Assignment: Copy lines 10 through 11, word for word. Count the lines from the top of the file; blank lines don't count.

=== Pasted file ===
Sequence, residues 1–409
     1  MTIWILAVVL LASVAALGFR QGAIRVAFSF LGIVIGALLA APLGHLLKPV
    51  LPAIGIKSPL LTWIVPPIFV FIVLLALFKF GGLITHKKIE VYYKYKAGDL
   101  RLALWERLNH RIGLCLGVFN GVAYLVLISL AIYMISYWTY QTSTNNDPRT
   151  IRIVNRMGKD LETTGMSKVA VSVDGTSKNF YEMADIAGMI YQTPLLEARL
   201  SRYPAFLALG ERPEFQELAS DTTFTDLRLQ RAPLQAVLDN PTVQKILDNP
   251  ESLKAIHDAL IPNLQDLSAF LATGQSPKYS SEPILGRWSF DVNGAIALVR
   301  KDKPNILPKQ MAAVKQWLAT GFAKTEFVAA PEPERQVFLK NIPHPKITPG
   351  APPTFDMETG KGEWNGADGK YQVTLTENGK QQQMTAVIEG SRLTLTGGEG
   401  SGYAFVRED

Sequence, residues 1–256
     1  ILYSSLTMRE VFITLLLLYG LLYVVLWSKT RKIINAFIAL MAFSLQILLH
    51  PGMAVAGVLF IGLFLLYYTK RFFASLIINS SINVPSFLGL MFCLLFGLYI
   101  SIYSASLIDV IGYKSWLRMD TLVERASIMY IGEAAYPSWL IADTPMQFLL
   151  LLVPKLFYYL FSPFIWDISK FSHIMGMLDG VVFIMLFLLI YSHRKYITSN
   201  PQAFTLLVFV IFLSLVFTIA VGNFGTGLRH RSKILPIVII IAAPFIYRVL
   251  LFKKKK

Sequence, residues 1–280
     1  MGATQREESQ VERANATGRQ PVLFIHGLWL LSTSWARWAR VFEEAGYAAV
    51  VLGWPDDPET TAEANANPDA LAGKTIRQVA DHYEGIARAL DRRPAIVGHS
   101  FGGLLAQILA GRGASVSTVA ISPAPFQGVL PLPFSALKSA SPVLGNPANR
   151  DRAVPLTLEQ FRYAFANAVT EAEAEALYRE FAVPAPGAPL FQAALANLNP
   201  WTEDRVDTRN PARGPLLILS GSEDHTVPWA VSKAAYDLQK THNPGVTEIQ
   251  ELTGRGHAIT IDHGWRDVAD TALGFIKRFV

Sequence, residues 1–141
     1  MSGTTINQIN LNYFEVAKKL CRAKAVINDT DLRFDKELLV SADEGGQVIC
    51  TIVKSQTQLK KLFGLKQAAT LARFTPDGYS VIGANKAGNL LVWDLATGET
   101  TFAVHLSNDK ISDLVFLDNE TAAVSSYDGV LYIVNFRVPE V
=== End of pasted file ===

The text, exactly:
   401  SGYAFVRED

Sequence, residues 1–256